Fishes (Representational Image)
Fishes (Representational Image)Reuters

American authorities recently found intersex fish in three river basins in Pennsylvania, a severe indication that water may be contaminated with harmful chemicals.

Male fishes were discovered carrying eggs in the drainage areas of the Susquehanna, Delaware and Ohio rivers, according to a new study led by the US Geological Survey (USGS).

USGS researchers explained that two fish species, smallmouth bass and white sucker, exhibited intersex characteristics, which is linked to chemicals behaving like the hormone estrogen. The chemicals are believed to have most likely got into streams and rivers from agricultural and human waste, eventually making its way into the fishes, according to the researchers.

"The sources of estrogenic chemicals are most likely complex mixtures from both agricultural sources, such as animal wastes, pesticides and herbicides, and human sources from wastewater treatment plant effluent and other sewage discharges," study author Vicki Blazer, a fish biologist with the USGS, said in a statement.

The researchers explain that estrogenic chemicals disturb the endocrine system of living beings, which regulates the release of hormones like estrogen and testosterone, thereby interfering with the ability of the fish to reproduce.

In order to study the factor in details, Blazer and his colleagues collected fish from 16 different sites in the Susquehanna, Delaware and Ohio river basins. They found intersex males at every site where smallmouth bass were collected.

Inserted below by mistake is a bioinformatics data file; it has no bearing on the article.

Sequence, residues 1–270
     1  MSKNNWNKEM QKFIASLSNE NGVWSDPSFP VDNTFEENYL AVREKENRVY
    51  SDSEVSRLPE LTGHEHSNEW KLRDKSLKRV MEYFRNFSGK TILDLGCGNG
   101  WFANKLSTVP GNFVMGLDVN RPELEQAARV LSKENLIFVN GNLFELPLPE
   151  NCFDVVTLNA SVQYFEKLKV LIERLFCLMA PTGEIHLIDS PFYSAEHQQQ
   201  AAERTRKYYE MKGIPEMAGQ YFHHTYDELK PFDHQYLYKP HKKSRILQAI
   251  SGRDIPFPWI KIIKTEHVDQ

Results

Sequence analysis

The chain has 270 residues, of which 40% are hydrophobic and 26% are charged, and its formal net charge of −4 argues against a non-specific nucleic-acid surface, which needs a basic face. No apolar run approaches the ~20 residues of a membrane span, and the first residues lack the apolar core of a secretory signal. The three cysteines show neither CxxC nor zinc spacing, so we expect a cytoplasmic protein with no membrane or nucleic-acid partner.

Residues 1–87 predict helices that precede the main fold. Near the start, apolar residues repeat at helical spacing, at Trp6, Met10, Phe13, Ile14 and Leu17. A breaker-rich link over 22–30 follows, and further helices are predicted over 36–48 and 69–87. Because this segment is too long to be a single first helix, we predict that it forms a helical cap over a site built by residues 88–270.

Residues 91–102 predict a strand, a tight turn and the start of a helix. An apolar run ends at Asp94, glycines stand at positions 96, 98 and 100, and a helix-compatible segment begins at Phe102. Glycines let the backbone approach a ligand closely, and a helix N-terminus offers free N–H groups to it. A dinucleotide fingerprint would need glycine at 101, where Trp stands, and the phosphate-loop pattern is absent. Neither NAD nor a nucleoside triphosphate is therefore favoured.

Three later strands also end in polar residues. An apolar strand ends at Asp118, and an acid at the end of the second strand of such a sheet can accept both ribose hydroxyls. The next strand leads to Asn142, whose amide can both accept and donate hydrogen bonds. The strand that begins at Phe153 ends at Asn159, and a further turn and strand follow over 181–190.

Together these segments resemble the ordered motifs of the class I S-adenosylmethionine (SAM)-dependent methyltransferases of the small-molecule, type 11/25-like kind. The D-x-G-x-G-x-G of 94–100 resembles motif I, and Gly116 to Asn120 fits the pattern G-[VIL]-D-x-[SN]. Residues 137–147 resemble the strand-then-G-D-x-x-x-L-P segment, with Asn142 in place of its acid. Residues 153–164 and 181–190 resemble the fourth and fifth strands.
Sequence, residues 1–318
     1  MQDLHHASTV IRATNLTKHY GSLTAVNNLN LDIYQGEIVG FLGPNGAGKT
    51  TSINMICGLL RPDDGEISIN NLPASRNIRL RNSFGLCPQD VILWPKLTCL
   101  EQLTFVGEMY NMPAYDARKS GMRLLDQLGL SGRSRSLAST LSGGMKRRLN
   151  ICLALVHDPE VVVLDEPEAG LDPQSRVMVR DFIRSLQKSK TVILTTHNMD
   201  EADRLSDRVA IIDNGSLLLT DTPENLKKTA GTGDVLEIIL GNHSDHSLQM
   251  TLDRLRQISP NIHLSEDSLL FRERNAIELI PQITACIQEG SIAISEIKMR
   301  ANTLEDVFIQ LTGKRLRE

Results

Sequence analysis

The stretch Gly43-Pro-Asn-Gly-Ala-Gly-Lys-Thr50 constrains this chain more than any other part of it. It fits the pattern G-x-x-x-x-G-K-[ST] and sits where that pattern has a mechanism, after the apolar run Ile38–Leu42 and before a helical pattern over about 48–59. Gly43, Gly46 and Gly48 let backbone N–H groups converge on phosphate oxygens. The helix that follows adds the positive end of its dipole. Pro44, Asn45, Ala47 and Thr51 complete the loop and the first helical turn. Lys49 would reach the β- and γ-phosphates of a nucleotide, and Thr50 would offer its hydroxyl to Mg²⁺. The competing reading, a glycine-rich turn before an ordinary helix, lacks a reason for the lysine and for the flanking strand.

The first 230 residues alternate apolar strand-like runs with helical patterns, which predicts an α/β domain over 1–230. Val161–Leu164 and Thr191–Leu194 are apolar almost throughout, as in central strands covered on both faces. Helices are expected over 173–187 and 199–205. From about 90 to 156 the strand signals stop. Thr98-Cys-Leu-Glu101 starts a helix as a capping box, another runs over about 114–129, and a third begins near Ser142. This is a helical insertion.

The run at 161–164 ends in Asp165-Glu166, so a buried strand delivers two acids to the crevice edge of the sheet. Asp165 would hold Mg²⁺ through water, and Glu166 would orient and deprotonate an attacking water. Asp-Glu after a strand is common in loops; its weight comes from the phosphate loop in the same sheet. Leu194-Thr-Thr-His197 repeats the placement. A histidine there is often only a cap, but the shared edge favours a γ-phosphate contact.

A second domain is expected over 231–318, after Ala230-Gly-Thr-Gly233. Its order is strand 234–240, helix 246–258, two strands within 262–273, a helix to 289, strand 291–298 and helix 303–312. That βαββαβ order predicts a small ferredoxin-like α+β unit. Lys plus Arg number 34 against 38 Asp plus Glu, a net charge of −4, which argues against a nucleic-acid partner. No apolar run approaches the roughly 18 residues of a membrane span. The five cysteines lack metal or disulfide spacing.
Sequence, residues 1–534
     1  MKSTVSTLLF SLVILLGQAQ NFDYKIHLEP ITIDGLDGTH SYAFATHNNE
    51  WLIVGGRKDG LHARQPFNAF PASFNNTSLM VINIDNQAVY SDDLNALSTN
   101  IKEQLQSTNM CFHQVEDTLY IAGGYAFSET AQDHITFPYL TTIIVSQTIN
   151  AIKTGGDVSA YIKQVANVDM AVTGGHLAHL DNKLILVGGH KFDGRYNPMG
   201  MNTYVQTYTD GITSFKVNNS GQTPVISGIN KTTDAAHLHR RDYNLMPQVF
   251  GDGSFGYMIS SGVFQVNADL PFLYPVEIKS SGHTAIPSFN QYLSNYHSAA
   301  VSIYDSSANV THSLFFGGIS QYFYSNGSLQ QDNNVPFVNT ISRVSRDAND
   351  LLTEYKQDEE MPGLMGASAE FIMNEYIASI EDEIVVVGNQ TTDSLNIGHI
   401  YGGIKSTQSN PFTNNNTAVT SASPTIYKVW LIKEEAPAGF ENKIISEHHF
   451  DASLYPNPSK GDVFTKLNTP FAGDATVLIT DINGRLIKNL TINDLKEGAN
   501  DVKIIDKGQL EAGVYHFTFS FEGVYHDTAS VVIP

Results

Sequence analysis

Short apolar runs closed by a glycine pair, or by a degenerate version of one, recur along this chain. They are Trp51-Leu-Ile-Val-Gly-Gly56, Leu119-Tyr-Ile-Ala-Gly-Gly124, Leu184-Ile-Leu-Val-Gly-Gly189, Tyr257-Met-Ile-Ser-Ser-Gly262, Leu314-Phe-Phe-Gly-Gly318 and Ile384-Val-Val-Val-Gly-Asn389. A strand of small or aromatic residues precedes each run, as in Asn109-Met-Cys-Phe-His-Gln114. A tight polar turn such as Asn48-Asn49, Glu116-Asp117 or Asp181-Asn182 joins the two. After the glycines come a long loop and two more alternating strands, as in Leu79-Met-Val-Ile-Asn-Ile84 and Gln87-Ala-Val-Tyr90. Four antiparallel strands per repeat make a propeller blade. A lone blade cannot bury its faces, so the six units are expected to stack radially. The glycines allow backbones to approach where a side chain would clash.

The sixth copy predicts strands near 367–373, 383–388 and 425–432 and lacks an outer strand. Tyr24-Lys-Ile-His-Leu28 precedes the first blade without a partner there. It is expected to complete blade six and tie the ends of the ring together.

The researchers also took into account white and redhorse suckers but neither species exhibited any intersex characteristics, even though the team did find an egg cell precursor in the blood of some white suckers. Further research will be carried out for better characterizing the timing and sources of exposure to these complex chemical mixtures in relation to fish health.

Researchers have long examined Endocrine-disrupting chemicals (EDC), which can be found in pharmaceutical drugs, herbicides, personal care products and even pesticides.

However, it is not yet clear how the study may affect humans  but Blazer said: "I think any findings on the effects of endocrine disruptors may have implications for humans who can be exposed via the water they drink but also through other ways."

They have even estimated the effects of it on humans, though humans cannot be experimentally exposed to verify the effects. However, conditions like testicular cancer in men, low sperm counts as well as breast cancer, autism and obesity have been linked to EDC exposure, explained Blazer.

The details of the findings were published online in the journal Environmental Monitoring and Assessment.